Inspiring Illustrations: Make Beautiful Motivational Posters with Procreate | Katherine Liu | Skillshare

Inspiring Illustrations: Make Beautiful Motivational Posters with Procreate

Katherine Liu, Designer & Artist

Inspiring Illustrations: Make Beautiful Motivational Posters with Procreate

Katherine Liu, Designer & Artist

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9 Lessons (34m)
    • 1. Introduction

    • 2. Class Project

    • 3. Choosing a Quote

    • 4. Collecting Inspiration

    • 5. Using the Symmetry Tool

    • 6. Sketching Different Layouts & Concepts

    • 7. Refining Your Art

    • 8. Adding Textures and Depth

    • 9. Wrap-up!

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About This Class

Let’s illustrate some imaginative, inspirational posters together!

In this class, you’ll learn everything you need to know to turn your favorite quote into a beautiful piece of art in Procreate (drawing app on the iPad) with a distinctive style. 

I’ll share my unique process for creating motivational posters, and we’ll walk through how I create my art step by step. You’ll learn how to:

  • Gather inspiration through references and moodboards
  • Sketch different layouts to see what works best with your quote
  • Translate your work digitally with Procreate and learn to use the symmetry tool to make a cohesive piece of art
  • Add harmonious colors and textures that make your poster pop!

Whether you’re new to illustration or an experienced artist, you’ll learn new skills and find fresh inspiration—and by the end of the class, you’ll have a finished, beautiful motivational poster that you can print on different products or publish online. Let’s jump in together!

Meet Your Teacher

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Katherine Liu

Designer & Artist


Hey, I'm Katherine! I'm a designer and artist based in the Bay Area, and I love teaching others how to create beautiful artwork. I'm a full-time designer at Instagram, and on the side I also run Meridrop, my small business for motivational & joyful home goods and stationery.

In my free time, I enjoy playing ukulele, looking for good dessert spots, and foraging for mushrooms in the forests of northern California.

To see behind-the-scenes of my art, find me over on Instagram.

Thanks for joining me,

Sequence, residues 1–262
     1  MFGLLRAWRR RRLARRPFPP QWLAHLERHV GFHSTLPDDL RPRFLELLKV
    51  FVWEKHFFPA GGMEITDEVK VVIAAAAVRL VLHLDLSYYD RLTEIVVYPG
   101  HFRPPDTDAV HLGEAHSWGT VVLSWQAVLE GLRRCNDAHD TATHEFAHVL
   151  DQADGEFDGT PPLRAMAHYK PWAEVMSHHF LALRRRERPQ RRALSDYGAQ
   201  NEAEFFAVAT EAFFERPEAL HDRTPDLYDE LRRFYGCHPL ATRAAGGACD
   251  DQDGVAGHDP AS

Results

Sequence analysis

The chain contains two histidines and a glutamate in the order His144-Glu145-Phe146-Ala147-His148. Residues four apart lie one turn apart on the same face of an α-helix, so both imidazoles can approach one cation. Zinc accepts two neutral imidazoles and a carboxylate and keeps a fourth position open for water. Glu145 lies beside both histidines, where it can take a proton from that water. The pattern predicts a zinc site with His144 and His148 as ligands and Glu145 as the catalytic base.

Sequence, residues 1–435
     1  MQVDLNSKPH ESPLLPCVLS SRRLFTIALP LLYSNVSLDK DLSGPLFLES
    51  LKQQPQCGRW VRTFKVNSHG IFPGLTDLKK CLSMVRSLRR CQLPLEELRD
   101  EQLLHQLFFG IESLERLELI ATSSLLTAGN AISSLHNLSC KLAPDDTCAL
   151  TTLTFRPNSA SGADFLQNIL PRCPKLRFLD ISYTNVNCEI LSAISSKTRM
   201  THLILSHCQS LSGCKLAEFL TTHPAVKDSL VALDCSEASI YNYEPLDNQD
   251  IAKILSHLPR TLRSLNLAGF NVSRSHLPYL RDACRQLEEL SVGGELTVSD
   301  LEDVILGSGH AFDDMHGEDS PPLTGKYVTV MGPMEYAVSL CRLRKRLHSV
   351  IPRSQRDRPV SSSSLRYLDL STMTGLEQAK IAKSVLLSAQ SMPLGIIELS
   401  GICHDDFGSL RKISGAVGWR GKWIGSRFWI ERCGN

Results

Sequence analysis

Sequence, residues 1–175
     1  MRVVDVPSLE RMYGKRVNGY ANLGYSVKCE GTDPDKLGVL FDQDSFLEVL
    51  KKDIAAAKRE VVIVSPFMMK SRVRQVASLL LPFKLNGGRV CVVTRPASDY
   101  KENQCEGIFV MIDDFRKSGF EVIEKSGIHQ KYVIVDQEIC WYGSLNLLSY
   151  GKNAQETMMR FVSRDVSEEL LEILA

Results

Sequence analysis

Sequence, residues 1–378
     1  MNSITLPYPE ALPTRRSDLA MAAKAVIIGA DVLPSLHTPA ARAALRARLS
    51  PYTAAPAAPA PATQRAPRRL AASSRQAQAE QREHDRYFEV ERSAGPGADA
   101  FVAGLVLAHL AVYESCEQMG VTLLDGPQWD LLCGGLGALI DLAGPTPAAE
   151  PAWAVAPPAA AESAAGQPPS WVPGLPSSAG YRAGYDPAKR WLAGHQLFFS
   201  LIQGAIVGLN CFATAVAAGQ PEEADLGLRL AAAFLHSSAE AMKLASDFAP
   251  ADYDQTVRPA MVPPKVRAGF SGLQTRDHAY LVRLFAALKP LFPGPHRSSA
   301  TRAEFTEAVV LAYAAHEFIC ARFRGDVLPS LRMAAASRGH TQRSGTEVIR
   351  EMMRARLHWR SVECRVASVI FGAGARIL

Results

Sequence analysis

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1. Introduction: Hi there. My name is Katherine. I'm a designer and an illustrator. I do digital product design, but I also run my own small business called Meridrop, making motivational and joyful home goods and stationary. In this class, I'll be showing you how to make your own beautiful motivational poster featuring one of your favorite quotes and drawn with the Symmetry Tools in Procreate. Throughout this class, we'll learn a couple of keystrokes together. Picking a limited color palette, sketching layouts to find one that works with your quote. Using tools in Procreate with Symmetry Tool and adding textures and depth to your digital art to make it stand out. This class is aimed toward students who have some experience doing digital art, and specifically, to benefit the most from this class, we'll need an iPad and Apple pencil, as well as some experience with the Procreate drawing app on the iPad. As for who should take this class, it's really meant for anyone, so whether you make art for a living or you just want to draw some cards or posters for your friends. We're going to be creating posters together, but you can use what you learn in this class for making almost any kind of physical product. For example, instead of a poster, you could make postcards, stickers, or even pillows. Really anything that you can imagine printing on. By the end of this class, you'll have your own beautiful poster featuring your favorite quote. But you'll also have learned what you need to continue making cohesive, beautiful digital art with a lot of life and texture. 2. Class Project: For your class project, you'll be making, from start to finish, a poster featuring one of your favorite quotes. All of the posters behind me are examples of the end result. Although, of course, yours is going to look a little bit different depending on your personal style and the inspiration that you find. We'll walk through this whole process together. First, I'll share some tips on picking a quote. Then we'll dive into collecting inspiration to inform the graphic elements, illustration elements, color palette, type, and style of your poster. Then we'll start sketching different layouts in Procreate to see what will work around your quote and we'll also start learning about the symmetry tool. Then we'll start finalizing your poster, still using the symmetry tool to create your final artwork and put in your color palette. Finally, we'll add some finishing touches with texture and detail so that your poster will have more depth. Be sure to document your process and share every step of it in the project gallery so that everyone in the community can learn and get inspired by each other's projects. 3. Choosing a Quote: When you're choosing a quote, there are few things to keep in mind. The first thing is the length of the quote. Is the quote easy to display and read on a poster? Obviously, there's a range of lengths that can choose from, and you can also include some longer quotes. But you probably don't want to write up like a whole page, or paragraph on your poster. Second is clarity. Is the quote understandable with no context? If you're going to post your quote, or your poster, I guess somewhere online, for example, Instagram. You can definitely use your caption, or the other parts around your piece to really tell more of your story. But if you're going to print out your poster and put it on a wall, it shouldn't be super confusing to people what the quote means, unless that's where you're going for. Then the third thing is imagery. Does the quote bring up any specific imagery or symbols, that might help you think about what you want to include in your illustration elements? Of course it's okay if you can't think of anything, or if the quote is just very general and it doesn't bring up anything specific. For example, I often incorporate a lot of florals and botanical elements in my posters, even if it doesn't really have anything to do with original quote. But if it does have something specific, it will help you think about what you want to illustrate, and how you might want to lay out your poster. Now talking a little bit about where to find your quotes. One that I often draw from is my own thoughts. I keep a journal pretty occasionally, but I will sometimes go back and try to look for things I was thinking about, and maybe like quotes from my journal that I could pull out of. You can also, of course, search quotes about almost anything on the Internet now, say quotes about creativity, or quotes about loneliness, or whatever is really pulling at you that day. If you're really interested in positive affirmations, there are so many online. This is a really good topic for a poster actually, because if you do want to hang up your positive affirmation in your room, a poster is a really good physical reminder for you. Finally, quotes from books, or films. I think this is another great one because it helps you relate to a wider audience, say people who might not have known about your art before. If they have watched the same movie, or read the same book and are really big fans of it, they'll be able to relate to your art. Often books and films have really great and memorable quotes. The quote that I ended up choosing is, "Even the darkest night will end and the sun will rise." This is a quote by Victor Hugo, from my favorite musical Les Miserables. I don't know if I'm saying that correctly, but this is the quote that I'm going to draw my poster around. You'll see how I informs my mood board in the inspiration that I collect, and eventually the layout and the final art. 4. Collecting Inspiration: Now that you have your quote, it's time to jump in and start gathering inspiration around it. Of course, if you already have a really good idea of what you want your poster to look like, what kind of colors you want to use, and the imagery that you want to include, you can go right into sketching, but I always like to do a little bit of research and inspiration gathering just to see how I can expand my ideas. Here are some things that I like to find inspiration for. The first is colors. A limited color palette can really help your art standout. You can limit yourself to two or three colors if you really want to be strict about it, but my personal palates often include around five or six main colors with some different shades of each color in between. Second, I like to look at what I call style of the poster. Is it more based on typography or more based on illustration while the type takes a backseat? Does it all look really hand-drawn and have a little bit of that rough edge on the style, or is it really neat and vectored and have more of the digital look? Finally, I like to look for examples of imagery or symbols that I might want to include, so more of like graphic and illustrated elements of your poster that helps support the message of your quote. When you're looking for inspiration online, you might see some of all of these elements that you want to pull into your poster. For collecting inspiration, I really like to use Pinterest because it's so easy to save all your ideas in one place and Pinterest actually has so much content on it that you could just stay on Pinterest, or if you have your own photos or your own magazine cutouts that you want to reference, you can upload those as your own pin and that all sit together on your board. I've created a mood board on Pinterest for this class to collect inspiration and it includes a bunch of images that I really liked that I thought either the color really stood out to me where it had some graphic elements that I thought were really cool, so I wanted to save it so that I could refer to it later. The cool thing about Pinterest is that even if you only have a few pins on the board, so for example here, I actually don't have that many pins on my board, they'll recommend him more ideas for your board. Based on the ones that I have here, they'll show more content from Pinterest that is similar in style, or maybe it's by the same artist, and that way, you can pull more and more content in to just inspire your own work. The quote that I've chosen for my poster is, "Even the darkest night will end and the sun will rise." I went in and just pull up a bunch of images that I thought really stood out to me in the context of this quote. For example, some of this sun imagery which you can see has a really hand-drawn style, which is more of my personal style. I don't really go for the really clean, vector digital line look. I really like having a little bit of rough edges and texture in my art. Then some of these, like the color palette really stood out to me, so I think I see three main color palette themes that I might end up choosing from. One is this really dark background that you can see in a couple of these actually, with really bright colors that pop out from that background. I think that's really, really cool. Another is having more of a neutral palette. For example, this pin or this one with this gradient of colors where none of them really stand out as the main pop of color there, but they're all matching together really nicely. Then the last theme that I really like is this monochromatic look where they're really taking one color and just adding different shades of that. For example here, all of them are different shades of red and I think that could be another cool scene. The main thing that you want to keep in mind with inspiration is that you don't want to copy what other people are doing. For example, if I took the color palette from one of these pins, I wouldn't want to also copy like the symbols that are in it or copy the style necessarily. I think what you really want is to look at all these things that really resonate with you and pick out bits and pieces that you can use to inform your own work and incorporate into your own style. I might get inspired by the colors, but also look at the symbols from another piece or look at the way that people have drawn, for example, this piece without any outlines on the characters. Those are the kinds of things that I'm talking about when I'm collecting inspiration. It's really just like all these tiny bits and pieces of work that I really like that I say, "Hey, maybe I can try exploring that kind of concept in my own work." Zooming out a bit from Pinterest, I've created a little bit of a summary here of all the things that I had wanted to gather inspiration for. So one for the colors, I decided to go with that color palette that I really liked with the darker, almost midnight blue background. Then I added in some colors that I thought would really pop with it. Two, for the style, I chose hand-drawn, which is basically always my personal style. So not really unique to this poster. But finally, for the imagery, I thought some symbols or images that would go really well with my quote is one sun and stars, obviously, since the quote mentions the sun rising. Then I also thought the quote reminded me of like a promise that the darkest night would end and there's always hope in the future, and I thought that rainbows or flowers, any kind of symbol of life would really go well with that. I also wanted to explore those concepts. I'm not saying that I will definitely add them in, but definitely something to keep in mind when I'm sketching and trying to figure out what will go into a poster. 5. Using the Symmetry Tool: Now, if you're a [inaudible] , hopefully you have a good idea of what your color palette is going to be, as well as some of the style and imagery inspiration that you might want to include in your piece. Let's stop at Procreate, and start learning about the symmetry tool, and how we can use it both for our sketching and for our final artwork. Once you open up Procreate, you'll want to go ahead and create a new canvas using this top-right icon. Now, you can see that you can set the width and height of your canvas, which is going to be the size of your art. So depending on what you're trying to print on, or what size of poster you want to create, be sure to keep those dimensions in mind, and check with the printing company that you might want to use. I also want to show you that the bigger your canvas is, the fewer layers you'll have to work with. For example, increasing the height here has drastically reduced the number of maximum layers. I'm just going to go ahead and keep it at 3,000 by 3,000. You can see that the DPI here is 350, which is really high. So it's pretty much good enough for printing on a physical product anywhere. Now switching over to the color profile option, you'll see that you have two big options. Say you have RGB and CMYK. RGB is mostly meant for digital art whereas CMYK can be used by printers. So I would definitely check with whatever printing company you decide to go with, what kinds of formats they accept, and then base your decision off of that. I'm going to skip over the time-lapse and Canvas properties options here, just because they're not as relevant for what we'll be doing. Once I've created my canvas, you can see that it's just a blank white art board, and let's dive into how to use symmetry tools. By tapping on this tool icon, which is the first one on the top, you will see that you have a couple of actions. I'll tap on the Canvas action, and you can see here that there's a drawing guide option that you can toggle on and off. Once that's toggled on, you can press on "Edit Drawing Guide" and you'll see that you have the options to basically change all of the settings for this guide. I'm going to go over to the last option called symmetry, and you can see that you have a couple of different guide options; vertical, horizontal, quadrant, radial. This is just different ways that your art is going to get reflected over these guides. I'm going to go with the vertical, which means that the left and right halves will reflect each other. You can see here that you can also adjust the thickness, the opacity of the guide, and this is really just to help you see the guide better. You can also adjust the color in case it's harder to see certain colors on top of your artwork. Now, going back to the art board itself, let's just adjust so you can see the whole art board. If you go into your Layers panel, which is the icon on the top right here, you can actually see that this layer that we have, it says Assisted on the bottom. What that means is just that Drawing Assist is turned on when you tap on the layer, and that means that symmetry is turned on. So whatever I draw on the left or I draw on the right will be reflected on the other side of this guide, and yes, it works. If I go back into the Layers panel and I decide to turn off Drawing Assist on that layer, you'll see that the Assist label on the layer goes away, and whatever I draw on the left side, on the right side will not be reflected. I just drew something really random that was like a normal drawing. I'm going to toggle back on Drawing Assist, and you can see that now the drawing is actually reflected again. Actually, another method that I like better is to just keep things on different layers. You can see here that my Layer 2 does not have Drawing Assist turned on, so it's just a normal art layer. Here I can write, I can draw things that I don't want to be reflected over the line, and I think this is just a cleaner way of organizing your layers and turning off and on Assisted Drawing for a single layer whenever you want something to be symmetrical or not. Let us walk through some examples of the different kinds of symmetry, and how they would show up in a piece of artwork. We already looked at vertical symmetry, but basically the idea is that your guide is cutting your art in half from top to bottom, so what's on the left will be reflected on the right and vice versa. Obviously, you can also see here that the quote that I've written on top is the only thing that is not symmetrical in this piece, Unfortunately, I don't use horizontal symmetry very much in my artwork, but I just wanted to show you an example by turning the last drawing by 90 degrees, and you can see here that the guide would actually cut from left to right, so what's on the top would be reflected to the bottom. Quadrant symmetry is also a really interesting one, and it provides a lot of opportunities to continue playing with symmetry. You can see here that with quadrant symmetry your art will be cut both from top to bottom and left to right. So what's in each of these four quadrants is reflected in the other three. Finally, in radial symmetry, it gets even more complicated with your art being sliced in a lot of different directions, and with this you can get a lot of really nice and intricate patterns. You can see here that this is even a good way to make a repeating tile pattern, for example, especially when you want a little bit more of that elegant style where you have a lot of details. 6. Sketching Different Layouts & Concepts: Let's get into sketching. The quote that I've chosen for my poster today is even the darkest night will end and the sun will rise. You can also sketch with just a pen and paper. But since we want our final poster to be symmetrical, I just find it a lot easier to do the sketching right and appropriate where I can actually see the symmetry being done live instead of trying to make the symmetry happen on the paper. Great. Now before jumping into sketching, here are a few tips. The goal of sketching is really to create the blueprint for your piece. So finding a layout that both works with your quote and incorporates some of the relevant imagery. For example, the imagery and symbols that you found while collecting inspiration. I always try doing a few sketches maybe two or three or even more than that before deciding on one of the layouts just to stretch my ideas and try to come up with concepts that maybe I didn't think of during my first sketch. Finally, I feel like sketching is all about focusing on the overall structure of the piece and how the illustrations in your quote will fit together. Thinking about exact colors can come later. Of course, if you want to, you can also try adding in a bit of color into your sketch to see how the colors will work together. But I find that I often change my colors later in the final art anyway, and I'll show you a couple of tips for that later. For now just focus on your overall structure and layout. Here on the right you can see the sketch I did for one of my earlier pieces. I'll show you how the final elements of the drawing sat on top of that sketch. As you can see, it actually stayed pretty close to the initial sketch, but in some cases, the final artwork that I do does end up displaying quite a lot if I feel like, in the middle of the final art process, some elements just aren't working together and I'm going to change some positioning or change the layout a little bit. But I hope this gives you a good idea of how useful the sketch can be as a blueprint for refining your art later. Let's get started by sketching our first concept. For concept number 1, I thought about the sun rising out of the valley and I also thought about the sun's rays as kind of a rainbow motif and the moon and the stars are up top as if the sun is pushing it out of the way, or the plant motifs are sitting at the bottom sharing that the sun is bringing life, and the quote is there sitting in the middle. You can see that I've incorporated quite a lot of the different imagery that I talked about in the inspiration section and we'll see how the next concept goes. Time for our concept number 2. In this concept, I wanted to bring the plant metaphor of life to the forefront. I have a sun almost like growing out of the middle of the flower. I'm not sure how clear this metaphor is going to be, but I'm hoping the colors will help bring it together. I'm just adding a little bit of extra detail like the sun's rays and the leaves to help flash it out a little bit more. I'm also adding the stars on the bottom as if the sun is pushing those stars away, and now I have my quote up at the top to balance everything out. Finally, just adding a few more sun rays just to help even out the whole image. Now let's jump into our final concept. For sketch number 3, the concept is going to have the sun as the central element again, but this time really taking center stage. I have the sun's rays emanating out from the middle, and I'm going to draw in a pair of hands holding up the sun. This is going to be a little bit difficult, so we'll have a couple of tries to get the hands looking a little bit more hand-like. The reason why I wanted to draw hands is to share that humans are holding up the sun, which is a symbol of hope and life for the future. Now just finishing things up by adding the quote, which will be a little bit interesting because I'm trying to incorporate it into the sun itself and then finally surrounding it with stars, showing that the sun's rays are pushing away the darkness. Now we have our three concepts, our three sketches sitting side-by-side. It's time to decide on which one we actually want to use for our final artwork. Just looking at these three side-by-side, I think that the first two are a little bit more visually interesting, there's more elements, there is room for a little bit more detail there. I've narrowed it down to the first two concepts, the sun rising out of the valley and the sun growing out of a flower. But I do think that I like the concept of the first one just because it includes so much more imagery and it also has a little bit of that rainbow metaphor and it also allows me to draw in the moon, which makes it a little bit more clear what the darkness is, where the sky is in relation to the sun and the flowers and the plants. For now I'm going to go with concept number 1, although I could definitely try to explore all three of them in more detail and see which one works with colors. Let's jump into the next section. 7. Refining Your Art: Before we get started, one quick tip is to actually make your color palette in Procreate so that it's really easy to draw from the same colors as you're making your art. Now, let's get started on actually turning our sketches into our final artwork. You can see here that I have my sketch as the base layer and I've actually lowered the opacity to around 15 percent, 20 percent, just so I can still see my sketch, but it's not too in the way as I'm drawing. I'm also going to turn on Drawing Assist for a new layer just to start my new art and I'm also going to make my background the darker color in my color palette. Now, you can see that I can't really see my sketch so I'm actually going to go to the Layer panel and Invert my sketch so that the sketch color is lighter instead of darker, and that way I can still see it. Just for good practice, I'm going to rename it as My Sketch Layer just so I know when I'm looking in the Layers panel. Now that we have the background color and the sketch layer in place, we can just start drawing in our final art. This step should be pretty simple because you already have your sketch and you know how to use Drawing Assist to use its Symmetry Tools, so it's really just about turning your sketch into the final colored art. One tip that I do have is to keep all your colors on different layers. You can see here that this blue hill-like drawing, I am keeping on a separate layer and now I'm going to start drawing the sun in but on a different layer. This way you will be able to change your colors really easily later. If you wanted to, you could draw everything on one layer, but imagine if you wanted to change the color of one element, it would be really hard to pick that element out again and change it without affecting everything else in your final artwork. Just for that reason, I advise keeping your layers separate and working with as many of them as you can just so you have an easier time with clean up and if you want to change anything, you can do that really easily without impacting the rest of your art. One more thing to keep in mind as you're making your final artwork is that it is totally okay to deviate from your original sketch. As you're drawing your final art and putting your colors in, you might realize that some of the things that looked good or you thought might look good in sketch form, don't actually work when you're putting in the details and the colors. In these cases, you can try different layouts, different patterns, and you'll be able to see in the final comparison actually that I did change a lot of the plant positioning, Here here you can see that I started to draw the plants in a horizontal pattern, whereas in my sketch, I had them laid out more vertically, but I just thought that the whole piece flowed better together with the plants being horizontal. So it is totally fine to change your mind as you're drawing, it's all part of your creative process. Amazing. Now, we have our almost final artwork, I should say, just because we haven't added that final layer of textures and depth to the piece, but we are almost there and the final piece is going to end up looking very similar to this, but with a little bit more detail. Let's jump into how to add texture. 8. Adding Textures and Depth: For the finishing touches to our posters, I wanted to go over two topics. One is tweaking colors to get them to where we want them to be. Two is adding textures to give our posters a little bit more of that handmade feel. First, let's jump into how to tweak colors. To demo how I change colors on a layer, I'm going to use this blue hill layer as an example. The first method is to use the hue and saturation and brightness sliders in the adjustments menu. Once you tap on that option, you'll see a bunch of sliders come up on the bottom. The first one actually changes the hue, which means the color on the spectrum of colors. You can also change the saturation, which is just like how much color there is versus how gray it is. Then the third slider adjusts for brightness, how dark or light that color is. You can do that to make little adjustments if you just want to see how a different color or different brightness might look with that layer. The second method is what I call the Alpha Lock method. In the layers panel, I'm going to go ahead click "Alpha Lock" on the blue hill layer. What that means is only the pixels that already have color on them will be affected by anything I do on that layer now. If I have a specific color that I want to use, for example, I want to change the color of this hill to this pink, I can go ahead and paint in with a really large brush now. It's only going to affect the pixels that have color. So only colors in the part that the hill is already on. It's not going to affect any of the transparent pixels. The other method is to fill the layer. You can do this from the layer menu. Again, it's only going to be able to fill the pixels that have color. That's another good way to do it. Basically the first method I would say is more if you want to make minor adjustments, or just play with the color and see what happens. The second method is a little bit more precise. For one, you already know what color you want to change it to. Then you can just go ahead, Alpha Lock and clean over it. All right, let's jump into adding textures. My secret for adding textures is to actually use textured photos. If you go to the actions menu, press, "Add" and insert a photo, it will open up your photo gallery on your iPad. Here you can see that I've actually saved a bunch of textured images that I really like. You can find these online or take your own photos, whatever works for you. Once you tap on one of these photos, it will drop right into your canvas where you can use it to start texturing your artwork. You can use basically any texture. Here, I have paper and watercolor, two textures that I think work really nicely and give it more of that handmade feel. Let's start by adding this watercolor texture to our middle sun. This is what I call single layer texture, which is basically just applying a texture to a single layer in your art instead of the entire canvas. In the layers panel, first, I'm going to start by hitting "Select" on the sun. In the bottom panel here, you can see that I can go ahead and tap "Invert". What this means is now I have selected all the area of my canvas except for my sun. Now when I open up the texture, I can go ahead and say "Clear", which means that all the area outside of the sun will be cleared. I'm going to drag the texture on top of my sun. Now you can see the watercolor texture is basically the same size and shape as the sun. The texture looks good, but we don't want our sun to be blue. In the blending mode, I'm going to set it to overlay. But you can use any blending mode, so just try all of them out and see what you think looks best with the texture. Because our watercolor layer is blue, it has distorted the color of the sun. By going to adjustments and the hue and saturation sliders, I'm going to lower the saturation of the watercolor layer to zero, so that way we have the original color of our sun, but with the added texture of that watercolor. In the layers panel, you can see that the watercolor layer turned from blue to this gray ghosty looking thing and that's what we want. Now I'm going to make this for our paper texture layer. Let's talk about whole canvas texture. Now we want to cover our entire canvas with one texture, which is going to be this paper texture here. I'm going to select it and just expand it to cover the entire canvas. Again in the layers panel, you can change the blending mode, so I've changed it to overlay again. Now when you zoom in, you can actually see there's a bit of that paper texture over the entire artwork. It has changed the color a little bit to be that yellowy color of the paper. You can actually adjust the hue just to see how it can tie your whole piece together by adding a new color on top. But in this case, I'm just going to lower it's saturation again so we have all of our original colors. But you can still see that paper texture is sitting on top. Now it's just a matter of continuing to add textures to each single layer. For example, the moon up top, the other parts of the sun, the hill. I'm just going to fast forward through that as I continue applying the single layer texture strategy to all of our layers. One other thing to keep in mind is that if you feel like the texture is too overpowering, maybe it doesn't look realistic because it is just too bright, you can lower the opacity of that layer and that way it'll look a little bit more subtle over your artwork. Now that the texture is added, we are done. Let's do a comparison of the sketch to our almost final artwork without the textures, and our final artwork with all of the textures and a little bit of extra detail added. It might be hard to tell from far away how the almost final and final artwork are different. But if you zoom in and look at the details, it really does make a difference just to see a little bit of that texture that brings a little extra charm to your digital artwork. With that, we're done. Here is the final piece. 9. Wrap-up!: Thank you so much for joining this class. I hope you had a ton of fun and also learned a lot of new skills to carry forward with you on your art training. Don't forget to document your whole process from your mood boards and inspiration to your sketches, to your final artwork, and share it with everyone in our community through the project gallery. I can't wait to see what you all come up with and see you next time.